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Wawrzyniec Grzymala Goslicki (aka Laurentius Grimal(di)us Goslicius) bishop, political writer and philosopher best known for his book De optimo senatore (1568; English translation: The Counsellor, 1598).

Grobowiec Wawrzynca Goslickiego, bishop, writer, politician

Born:   c.1530-1540, Goslice near Plock, Polish-Lithuanian Commonwealth

Died:  October 31, 1607, Ciazyn, Polish-Lithuanian Commonwealth

Summary Translated from Polish: "As usual: we praise the foreign, but don't know our own. Even in such fundamental problem as the birth of modern democracy. Hence we don't know that Goslicki belonged to the most popular Polish political writers in Europe...The textbooks, even some academic, don't mention him." Radoslaw Lolo in Polityka 6/15/07 Early days. Goslicki was born to a noble family (coat of arms Grzymala). During 1556-1562 he studied philosophy at Cracow's Jagiellonian University where he obtained a degree of master of liberal arts. From 1564 he studied at Padua, then in Bologna where in 1567 he got a doctorate of law and finally in Rome. His uncle Marcin, a canon of Plock, had a doctorate of law. He was also a bibliophile whose collection Wawrzyniec inherited.

Politics. In 1569 he also joined the Polish royal chancery and as a secretary served two kings, Zygmunt II August and, since 1576, Stefan Batory, and was successively appointed bishop of Kamieniec Podolski (1586), Chelm (1590), Przemysl (1591), and Poznan (1601). As the bishop of Poznan he called several synods: Pszczew (1602), Krobia (1602), Poznan (1602, 1607), Warsaw (1603). Goslicki was a man of affairs, highly esteemed by contemporaries, and frequently engaged in active politics. He served as an envoy to Saxony, Brandenburg and Sweden. He was also a staunch advocate of religious tolerance in Poland. It was due to his influence and to a letter that he wrote to the Pope against the Jesuits that they were prevented from establishing schools at Cracow during his reign. He was the only prelate who, in 1587, acceded to the Warsaw Confederation.

De optimo senatore libri duo.In quibus magistratuum officia, civium vita beata, rerumpublicarum foelicitas explicantur. Goslicki's Latin book De optimo senatore (published during his stay in Venice, Italy,1568) and dedicated to King Zygmunt August, subsequently appeared in two English translations, as A commonwealth of good counsaile (1607) and as The Accomplished Senator... Done into English... By Mr. Oldisworth (1733). Reports about alleged confiscations of these English editions were negatively verified by Ms.Baluk-Ulewicz. In this book Goslicki shows the ideal statesman who is well versed in the humanities as well as in economy, politics, and law. He argued that law is above the ruler, who must respect it, and that it is illegitimate to rule over a people against its will. He equated godliness with reason, and reason with law. He was in favor of public education. He believed that an URZAD is a reward for virtue. He also believed that his concept of access to power (exclusion of peasants, craftsmen and merchants) is realized in German states, France, Spain and Venice. His knowledge of philosophy and the history of antiquity was impressive. Many of the book's ideas comprised the foundations of Polish Nobles' Democracy (1505-1795) and were based on 14th-century writings by Stanislaw of Skarbimierz. The book was not translated into Polish for 400 years. It was influential abroad, exporting the ideas of Poland's Golden Freedom and democratic system. It was a political and social classic, widely read and long popular in England after its 1598 translation; read by Elizabeth I of England, it was also known by Shakespeare, who used his depiction of an incompetent senator as a model for Polonius in Hamlet. Its ideas might be seen in the turmoil that gripped England around the times of Glorious Revolution. Goslicki's ideas were perhaps suggestive for future national constitutions. Goslicki never wrote that "all men are created equal," but did say, "Sometimes a people, justly provoked and irritated, by the Tyranny and Usurpations of their Kings, take upon themselves the undoubted Right of vindicating their own liberties." There is no evidence of a direct link with Jefferson's Declaration of Independence. Goslicki argued that distinguished senators were more useful to a state than a king.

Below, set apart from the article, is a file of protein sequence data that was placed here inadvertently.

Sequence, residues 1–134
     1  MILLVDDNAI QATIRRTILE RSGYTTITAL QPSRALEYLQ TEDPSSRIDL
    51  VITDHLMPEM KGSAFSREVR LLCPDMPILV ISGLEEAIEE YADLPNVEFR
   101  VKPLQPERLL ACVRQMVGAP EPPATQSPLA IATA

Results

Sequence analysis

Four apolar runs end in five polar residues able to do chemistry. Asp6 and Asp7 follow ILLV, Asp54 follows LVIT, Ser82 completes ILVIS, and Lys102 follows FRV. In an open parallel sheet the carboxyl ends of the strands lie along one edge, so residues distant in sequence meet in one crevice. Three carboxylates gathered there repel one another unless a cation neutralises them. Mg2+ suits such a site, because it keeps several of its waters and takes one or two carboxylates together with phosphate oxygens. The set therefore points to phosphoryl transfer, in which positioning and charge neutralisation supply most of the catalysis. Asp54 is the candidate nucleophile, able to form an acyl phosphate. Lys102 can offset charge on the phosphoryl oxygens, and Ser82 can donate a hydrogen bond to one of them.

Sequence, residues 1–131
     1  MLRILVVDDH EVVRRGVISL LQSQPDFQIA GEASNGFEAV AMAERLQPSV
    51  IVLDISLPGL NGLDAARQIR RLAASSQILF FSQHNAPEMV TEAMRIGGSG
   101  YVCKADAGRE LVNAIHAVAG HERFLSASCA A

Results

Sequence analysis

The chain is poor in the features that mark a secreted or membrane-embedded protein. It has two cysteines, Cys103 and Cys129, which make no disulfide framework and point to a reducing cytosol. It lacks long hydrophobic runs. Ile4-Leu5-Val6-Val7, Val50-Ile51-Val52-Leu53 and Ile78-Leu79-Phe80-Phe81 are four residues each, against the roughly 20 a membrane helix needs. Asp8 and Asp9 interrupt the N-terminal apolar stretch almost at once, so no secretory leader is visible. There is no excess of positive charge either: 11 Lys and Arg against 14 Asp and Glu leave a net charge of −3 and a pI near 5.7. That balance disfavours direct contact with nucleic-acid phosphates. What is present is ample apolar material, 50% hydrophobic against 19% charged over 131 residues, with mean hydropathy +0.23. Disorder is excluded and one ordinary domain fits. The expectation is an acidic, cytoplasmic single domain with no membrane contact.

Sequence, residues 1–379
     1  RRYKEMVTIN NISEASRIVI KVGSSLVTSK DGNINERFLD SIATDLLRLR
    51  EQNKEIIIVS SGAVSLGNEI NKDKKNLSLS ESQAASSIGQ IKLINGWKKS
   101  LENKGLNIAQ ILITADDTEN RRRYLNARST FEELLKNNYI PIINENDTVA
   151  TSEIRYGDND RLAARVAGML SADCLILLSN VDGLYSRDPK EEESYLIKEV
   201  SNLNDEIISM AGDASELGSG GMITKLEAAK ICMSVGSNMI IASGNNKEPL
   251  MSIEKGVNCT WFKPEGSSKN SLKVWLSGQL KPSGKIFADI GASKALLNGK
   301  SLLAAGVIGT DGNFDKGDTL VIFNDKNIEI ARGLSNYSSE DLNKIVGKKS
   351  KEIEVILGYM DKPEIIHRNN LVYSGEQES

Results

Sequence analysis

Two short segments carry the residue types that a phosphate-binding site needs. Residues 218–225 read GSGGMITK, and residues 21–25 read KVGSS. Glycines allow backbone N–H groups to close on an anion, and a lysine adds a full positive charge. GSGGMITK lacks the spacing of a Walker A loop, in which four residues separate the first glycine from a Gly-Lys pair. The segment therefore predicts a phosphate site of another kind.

Source: This article uses, among others, material from the Wikipedia article "Wawrzyniec Goslicki" licensed under the GNU Free Documentation License:

It is supplemented with information from :
Polityka (Radoslaw Lolo in Polish)

English translations of some of his works:
Constance J. Ostrowski

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